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Manufacture Bioprocessing - Upstream & Downstream, Technology and Equipment

Boosting Cell Line Expression

GPEx Boost builds on the company’s proven GPEx technology with enhanced benefits. The increased efficiency could lead to the use of smaller bioreactors (providing a greater number of facility fit options) or a reduction in the number of manufacturing batches necessary (potentially increasing production scheduling).

The cost of goods sold can be high for biologics, but improved titers can help reduce costs during development and commercial stages. Catalent Biologics claims that, based on expression data, GPEx Boost can significantly reduce the development batch costs for mAbs and recombinant proteins.

What are the consequences of poor cell line development?

Poor cell line development can result in cells that exhibit low expression or inconsistent product from batch to batch. Low expression means that more runs per year may be necessary or that runs may need to be performed at a higher volume – in either case, manufacturers are faced with higher costs. Moreover, inconsistent batch quality could result in a higher number of out of specification batches, which may need to be discarded; here again, cost is a major implication.

Why is innovation in cell line development technology necessary?

There is a constant desire to increase efficiency and speed, and to reduce drug development costs. The cost of goods (COGS) sold can be high for biologics – they are complex after all. But this same complexity can also cause inconsistency during manufacture. One way to reduce COGS is to increase productivity of the cell line expressing the protein. In simple terms, cell line development allows us to expand the upper limits of biologics production.

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How does GPEx Boost work?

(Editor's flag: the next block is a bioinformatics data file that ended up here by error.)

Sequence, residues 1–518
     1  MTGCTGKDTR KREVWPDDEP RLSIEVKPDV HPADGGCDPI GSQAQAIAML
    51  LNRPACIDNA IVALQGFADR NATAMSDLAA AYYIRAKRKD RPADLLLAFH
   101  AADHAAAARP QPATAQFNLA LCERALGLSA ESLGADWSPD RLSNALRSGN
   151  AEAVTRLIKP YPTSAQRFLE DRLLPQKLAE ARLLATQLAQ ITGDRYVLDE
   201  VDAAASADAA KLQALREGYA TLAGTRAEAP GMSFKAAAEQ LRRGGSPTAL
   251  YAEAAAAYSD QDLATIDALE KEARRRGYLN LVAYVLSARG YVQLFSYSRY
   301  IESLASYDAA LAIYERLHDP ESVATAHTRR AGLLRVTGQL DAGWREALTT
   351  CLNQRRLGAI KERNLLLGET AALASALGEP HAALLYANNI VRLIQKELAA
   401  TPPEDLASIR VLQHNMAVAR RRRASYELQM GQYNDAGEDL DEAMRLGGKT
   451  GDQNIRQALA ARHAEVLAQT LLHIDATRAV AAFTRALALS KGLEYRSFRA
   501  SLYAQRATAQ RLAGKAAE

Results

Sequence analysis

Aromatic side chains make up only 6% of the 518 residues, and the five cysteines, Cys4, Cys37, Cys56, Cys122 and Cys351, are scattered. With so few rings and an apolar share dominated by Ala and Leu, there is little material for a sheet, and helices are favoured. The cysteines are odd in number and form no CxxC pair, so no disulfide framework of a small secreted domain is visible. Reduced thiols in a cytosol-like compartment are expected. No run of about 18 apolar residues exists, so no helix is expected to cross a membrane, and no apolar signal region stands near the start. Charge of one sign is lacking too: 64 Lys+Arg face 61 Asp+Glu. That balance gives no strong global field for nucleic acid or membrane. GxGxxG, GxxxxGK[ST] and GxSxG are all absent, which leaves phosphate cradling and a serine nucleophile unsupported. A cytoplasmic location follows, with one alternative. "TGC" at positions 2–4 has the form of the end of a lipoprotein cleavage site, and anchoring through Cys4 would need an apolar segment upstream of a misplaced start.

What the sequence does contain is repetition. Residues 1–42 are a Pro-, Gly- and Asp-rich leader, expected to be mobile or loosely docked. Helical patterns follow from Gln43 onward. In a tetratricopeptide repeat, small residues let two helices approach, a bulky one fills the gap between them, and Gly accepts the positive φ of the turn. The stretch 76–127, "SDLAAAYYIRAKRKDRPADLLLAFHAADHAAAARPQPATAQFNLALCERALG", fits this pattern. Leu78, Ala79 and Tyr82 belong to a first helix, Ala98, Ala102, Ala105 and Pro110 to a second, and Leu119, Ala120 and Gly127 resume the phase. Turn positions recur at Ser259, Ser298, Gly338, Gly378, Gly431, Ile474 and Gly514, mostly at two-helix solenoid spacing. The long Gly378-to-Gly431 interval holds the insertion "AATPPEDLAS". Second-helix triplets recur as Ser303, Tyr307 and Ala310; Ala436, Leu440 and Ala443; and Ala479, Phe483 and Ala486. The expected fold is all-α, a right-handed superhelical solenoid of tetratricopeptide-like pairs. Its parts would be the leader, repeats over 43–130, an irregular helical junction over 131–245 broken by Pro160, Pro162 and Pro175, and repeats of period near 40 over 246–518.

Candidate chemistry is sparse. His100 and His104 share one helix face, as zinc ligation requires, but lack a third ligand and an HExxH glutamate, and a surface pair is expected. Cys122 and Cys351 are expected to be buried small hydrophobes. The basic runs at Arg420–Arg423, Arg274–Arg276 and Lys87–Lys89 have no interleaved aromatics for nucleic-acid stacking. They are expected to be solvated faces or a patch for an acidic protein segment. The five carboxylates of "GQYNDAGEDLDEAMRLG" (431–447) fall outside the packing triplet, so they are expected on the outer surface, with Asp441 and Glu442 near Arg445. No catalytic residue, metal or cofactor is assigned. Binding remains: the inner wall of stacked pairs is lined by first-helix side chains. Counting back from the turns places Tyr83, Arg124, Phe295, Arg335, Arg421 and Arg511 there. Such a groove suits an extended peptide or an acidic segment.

GPEx Boost leverages GPEx platform improvements and a glutamine-synthetase knock-out CHO cell line, enabling high titers and increased specific productivities. GPEx Boost uses the same technology – and benefits from the same proven stability – as our original GPEx technology, but it has enhanced benefits. To name a few: up to 10 g/l titer for standard mAbs, up to four times higher titers in difficult-to-express proteins, reduced ammonia build-up, and improved cell growth and viability. Also, GPEx Boost requires fewer process steps, which can result in three-week time savings – and there’s potential to compress timelines even further.

The benefits of GPEx Boost have been demonstrated from low- to high-expressing proteins. For example, a low-expressing Fc fusion protein had seven times higher titer in GPEx Boost pools compared with traditional GPEx pools, and almost three times higher clonal expression; ultimately, we saw 7.4 g/l expression in the bioreactor. The same “boost” is also observed in mAbs as well; we’ve had a low-expressing mAb exhibit three times higher titer and a medium-to-high-expressing mAb exhibiting 1.5 times higher titer in GPEx Boost pools compared with traditional GPEx pools.

What were the biggest challenges faced when developing this technology?

As cell line development is the first step in scaling up a molecule to clinical (and hopefully commercial) scale production, it needs to fit within a robust platform that includes clonal selection, process development, and scale up. As we optimized GPEx Boost technology, we looked to harmonize the culture conditions with the Berkeley Lights Beacon and Sartorius ambr 15 platforms to further streamline development timelines and costs.

How have customers reacted since the technology was launched?

The technology is used in over twenty customer programs, with many more programs under discussion.

What other improvements/developments would you like to see in other cell line development technologies?

Ideally, cell line development technology would enable development of highly stable cell lines that would take the need for stability testing off the critical path. Additionally, cell line development technology should be robust enough to work with multiple different cell types and enable high expression of even complex molecules. Finally, cell line development technology should not require multiple selectable markers (antibiotic selectable markers, in particular, should be avoided) because they put a strain on the cell culture and can limit the ability to generate cell lines that can express complex molecules, such as bispecifics.

And what about the future of GPEx Boost?

Because GPEx Boost technology leverages the proven stability and titer of GPEx with the GS-knockout cell line, it provides the ability to generate stable, high-expressing pools.  This also opens the door for future advancements of the technology that will provide flexibility in the cell line development and clonal selection approach. This flexibility will enable faster timelines to generating phase I material. As we know, speed to first-in-human studies is critical for many companies. Thanks to the synergies of the GPEx platform and GS-knockout, there is additional future potential to help companies get their therapeutic candidates into the clinic and to patients even faster.

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